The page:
The Gamecocks were forced to go a long way on all of their drives and they proved they could not consistently do that Saturday night. This area had as much to do with Clemson winning Saturday night as any area in the game.

Rhymer's Grade…B+

I'll Drink To That Brew-Er
Ryan Brewer was banged up, and it showed. Brewer only had one catch for 11 yards in the game. Brewer did have over 100 yards in kickoff returns…but no one return that broke the 50 yard line.

I'm sure most Gamecock fans would wonder what the season, and this game, would have been like with a healthy Ryan Brewer. I have some news for them…get used to it. The banged up Brewer has played his last snap for the Gamecocks.

The senior that has been the heart and soul of the Gamecock offense has been rendered a mere sideshow because of ankle problems. I would like to think Clemson had a lot to do with shutting down Brewer, but I imagine most of that fell on Brewer's bum ankles.

Whatever the case, a major cog of the Gamecock offense was silent Saturday night, and Clemson came away a winner because of it.

Rhymer's Grade…B+

We await our bowl fate in the coming week. The meantime will provide for a lot of satisfaction as Clemson fans can breath easy for the next 365 days.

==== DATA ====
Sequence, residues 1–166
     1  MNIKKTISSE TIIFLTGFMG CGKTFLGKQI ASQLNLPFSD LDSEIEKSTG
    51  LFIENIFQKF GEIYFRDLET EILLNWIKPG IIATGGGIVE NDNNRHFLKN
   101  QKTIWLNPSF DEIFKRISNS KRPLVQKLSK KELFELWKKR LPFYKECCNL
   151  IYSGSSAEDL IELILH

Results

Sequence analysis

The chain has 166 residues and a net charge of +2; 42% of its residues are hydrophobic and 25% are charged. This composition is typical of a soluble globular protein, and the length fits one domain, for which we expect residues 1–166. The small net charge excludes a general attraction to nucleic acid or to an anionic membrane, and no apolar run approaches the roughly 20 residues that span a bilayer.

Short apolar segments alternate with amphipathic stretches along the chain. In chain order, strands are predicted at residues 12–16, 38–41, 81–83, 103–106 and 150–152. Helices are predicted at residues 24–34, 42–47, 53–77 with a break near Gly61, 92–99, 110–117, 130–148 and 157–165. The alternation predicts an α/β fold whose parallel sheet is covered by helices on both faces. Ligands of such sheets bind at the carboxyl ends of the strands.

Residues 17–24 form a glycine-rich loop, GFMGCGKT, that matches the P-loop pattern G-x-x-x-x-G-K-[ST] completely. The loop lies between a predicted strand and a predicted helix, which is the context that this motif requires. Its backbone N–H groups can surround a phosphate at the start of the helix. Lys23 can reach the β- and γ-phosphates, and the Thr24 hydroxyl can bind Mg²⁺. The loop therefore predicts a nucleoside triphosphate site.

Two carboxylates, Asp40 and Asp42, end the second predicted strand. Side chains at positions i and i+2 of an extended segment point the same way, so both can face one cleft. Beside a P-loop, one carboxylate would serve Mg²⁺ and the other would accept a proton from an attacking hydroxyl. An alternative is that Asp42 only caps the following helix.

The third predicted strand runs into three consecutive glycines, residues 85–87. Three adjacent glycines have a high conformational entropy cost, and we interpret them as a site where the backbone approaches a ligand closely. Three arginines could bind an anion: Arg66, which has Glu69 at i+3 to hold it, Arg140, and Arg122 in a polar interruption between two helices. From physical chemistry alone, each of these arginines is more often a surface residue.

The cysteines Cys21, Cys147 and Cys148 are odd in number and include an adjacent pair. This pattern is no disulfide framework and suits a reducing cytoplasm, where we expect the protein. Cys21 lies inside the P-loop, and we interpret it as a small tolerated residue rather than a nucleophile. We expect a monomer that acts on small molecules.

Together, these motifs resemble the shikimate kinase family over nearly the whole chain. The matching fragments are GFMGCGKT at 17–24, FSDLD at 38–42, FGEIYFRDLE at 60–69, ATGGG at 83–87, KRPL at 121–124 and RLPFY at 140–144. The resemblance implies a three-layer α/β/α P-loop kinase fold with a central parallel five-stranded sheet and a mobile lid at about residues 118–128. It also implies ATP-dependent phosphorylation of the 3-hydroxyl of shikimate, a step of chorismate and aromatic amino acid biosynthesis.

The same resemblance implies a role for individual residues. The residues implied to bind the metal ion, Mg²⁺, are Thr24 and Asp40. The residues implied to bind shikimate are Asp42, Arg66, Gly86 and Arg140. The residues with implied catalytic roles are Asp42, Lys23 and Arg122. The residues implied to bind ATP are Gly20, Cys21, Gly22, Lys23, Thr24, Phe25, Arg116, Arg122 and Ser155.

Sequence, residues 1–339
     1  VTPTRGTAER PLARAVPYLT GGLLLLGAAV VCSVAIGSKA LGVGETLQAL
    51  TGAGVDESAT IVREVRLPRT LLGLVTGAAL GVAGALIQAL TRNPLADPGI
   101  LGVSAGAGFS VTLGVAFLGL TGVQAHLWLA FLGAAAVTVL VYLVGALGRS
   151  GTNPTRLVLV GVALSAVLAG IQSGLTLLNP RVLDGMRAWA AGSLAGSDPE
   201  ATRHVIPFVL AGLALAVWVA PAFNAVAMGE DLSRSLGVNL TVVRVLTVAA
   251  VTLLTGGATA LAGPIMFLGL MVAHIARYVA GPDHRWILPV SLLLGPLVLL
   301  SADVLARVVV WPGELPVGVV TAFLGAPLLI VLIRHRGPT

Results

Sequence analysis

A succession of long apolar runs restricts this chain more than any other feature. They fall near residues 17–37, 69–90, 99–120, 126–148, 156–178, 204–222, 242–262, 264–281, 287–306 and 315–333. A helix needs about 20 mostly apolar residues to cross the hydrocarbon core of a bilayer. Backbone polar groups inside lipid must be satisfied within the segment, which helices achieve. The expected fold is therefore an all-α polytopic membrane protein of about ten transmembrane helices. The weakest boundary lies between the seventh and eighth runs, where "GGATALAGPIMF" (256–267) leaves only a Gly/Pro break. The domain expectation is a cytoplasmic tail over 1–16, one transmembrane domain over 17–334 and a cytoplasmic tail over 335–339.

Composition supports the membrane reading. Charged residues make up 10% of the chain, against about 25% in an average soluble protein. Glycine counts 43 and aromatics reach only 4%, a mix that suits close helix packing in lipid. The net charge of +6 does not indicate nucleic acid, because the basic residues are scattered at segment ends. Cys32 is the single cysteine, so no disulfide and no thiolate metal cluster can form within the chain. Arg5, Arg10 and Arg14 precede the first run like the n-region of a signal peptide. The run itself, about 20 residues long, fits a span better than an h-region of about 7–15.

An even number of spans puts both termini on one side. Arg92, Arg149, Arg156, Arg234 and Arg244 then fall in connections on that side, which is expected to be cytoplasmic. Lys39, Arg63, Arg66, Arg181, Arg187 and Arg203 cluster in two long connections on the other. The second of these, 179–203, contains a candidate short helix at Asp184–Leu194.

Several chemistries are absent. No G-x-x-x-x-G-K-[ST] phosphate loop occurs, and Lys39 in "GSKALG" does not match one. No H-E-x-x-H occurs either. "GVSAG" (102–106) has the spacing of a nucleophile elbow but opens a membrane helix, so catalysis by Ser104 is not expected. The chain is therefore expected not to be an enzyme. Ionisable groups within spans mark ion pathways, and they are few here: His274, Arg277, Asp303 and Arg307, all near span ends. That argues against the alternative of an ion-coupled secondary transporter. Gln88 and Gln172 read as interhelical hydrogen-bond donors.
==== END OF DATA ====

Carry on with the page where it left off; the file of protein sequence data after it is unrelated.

It is hard to quantify the direction of these two programs based on this one game. One thing I do know for sure, South Carolina is losing more players that played major roles in the game Saturday than Clemson is. Does that mean Clemson is on the rise and the Gamecocks are falling? Maybe.

The coming weeks will allow for reflections on the season, so I shall not waste time doing that now. But, there is no question that this win over the Gamecocks will make the pains of this season stuck in neutral easier to deal with. Standing on Frank Howard Field while I watched the goal post come down Saturday night I knew one thing.

The planets and stars had once again aligned. Clemson had beaten South Carolina. All was good in the world.